What is wrong with the term "neoliberalism"?

I frequently see libertarians objecting to the term "neoliberalism." And yet they boast that they are the real liberals, and that liberalism underwent a revival after WWII, due to events like the founding of the Mount Pelerin society.

So what is wrong with calling this the new liberalism?

5 comments:

  1. As I understand it, "neoliberalism" is not a term that is widely used in the United States.

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  2. I don't much pay attention to this sort of stuff, but if I were to guess I would say it is because of who that word is typically associated with, e.g. Milton Friedman, Ronald Reagan, Mags Thatcher, etc, as well as it's links to American conservatism. These aren't generally things that a libertarian would wish to be associated with (unlike classical liberalism).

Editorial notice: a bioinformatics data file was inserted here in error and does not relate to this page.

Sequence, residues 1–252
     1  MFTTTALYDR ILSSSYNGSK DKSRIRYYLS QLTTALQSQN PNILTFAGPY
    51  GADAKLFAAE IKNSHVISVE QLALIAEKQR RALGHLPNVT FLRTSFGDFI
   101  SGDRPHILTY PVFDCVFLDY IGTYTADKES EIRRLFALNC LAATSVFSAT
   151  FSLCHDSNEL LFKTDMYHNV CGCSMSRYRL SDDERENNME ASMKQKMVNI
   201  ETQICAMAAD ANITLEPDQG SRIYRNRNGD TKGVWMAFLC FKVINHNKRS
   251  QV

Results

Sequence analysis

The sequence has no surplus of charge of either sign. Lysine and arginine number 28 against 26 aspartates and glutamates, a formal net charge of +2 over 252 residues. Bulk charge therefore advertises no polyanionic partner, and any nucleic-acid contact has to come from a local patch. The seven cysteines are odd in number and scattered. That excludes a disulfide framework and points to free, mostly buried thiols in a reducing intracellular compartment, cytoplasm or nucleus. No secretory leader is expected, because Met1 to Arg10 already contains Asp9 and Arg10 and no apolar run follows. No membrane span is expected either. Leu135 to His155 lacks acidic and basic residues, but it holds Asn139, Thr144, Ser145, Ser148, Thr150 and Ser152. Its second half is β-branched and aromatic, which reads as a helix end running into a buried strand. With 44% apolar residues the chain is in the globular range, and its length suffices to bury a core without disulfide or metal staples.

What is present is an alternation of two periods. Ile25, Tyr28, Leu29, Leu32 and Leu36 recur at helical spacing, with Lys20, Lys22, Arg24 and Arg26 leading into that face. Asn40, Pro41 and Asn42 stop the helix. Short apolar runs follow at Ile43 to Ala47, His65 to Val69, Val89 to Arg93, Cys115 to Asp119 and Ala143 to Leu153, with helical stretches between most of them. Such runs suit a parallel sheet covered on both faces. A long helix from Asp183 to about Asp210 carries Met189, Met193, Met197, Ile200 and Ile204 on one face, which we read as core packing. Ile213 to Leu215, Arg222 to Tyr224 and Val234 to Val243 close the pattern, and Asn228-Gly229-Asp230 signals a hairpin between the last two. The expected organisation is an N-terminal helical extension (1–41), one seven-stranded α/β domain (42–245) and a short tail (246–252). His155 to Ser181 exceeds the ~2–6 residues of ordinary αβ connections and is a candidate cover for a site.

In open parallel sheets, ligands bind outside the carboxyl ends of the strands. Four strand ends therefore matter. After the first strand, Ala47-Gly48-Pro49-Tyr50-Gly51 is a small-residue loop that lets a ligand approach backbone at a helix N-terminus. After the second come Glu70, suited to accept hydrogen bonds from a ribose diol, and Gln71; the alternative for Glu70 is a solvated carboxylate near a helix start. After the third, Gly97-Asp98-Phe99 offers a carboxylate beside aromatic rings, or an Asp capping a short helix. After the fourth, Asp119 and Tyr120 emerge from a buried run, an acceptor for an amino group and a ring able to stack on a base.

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    Replies
    1. No, Joe, that's not gonna do it, as I repeatedly here objections to the term *period*, not just the term applied to libertarians.

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    2. Also the idea that most libertarians would not wish to be associated with Milton Friedman illustrates that your definition of "libertarian" encompasses only a couple of percent of those who self-identify as libertarian!

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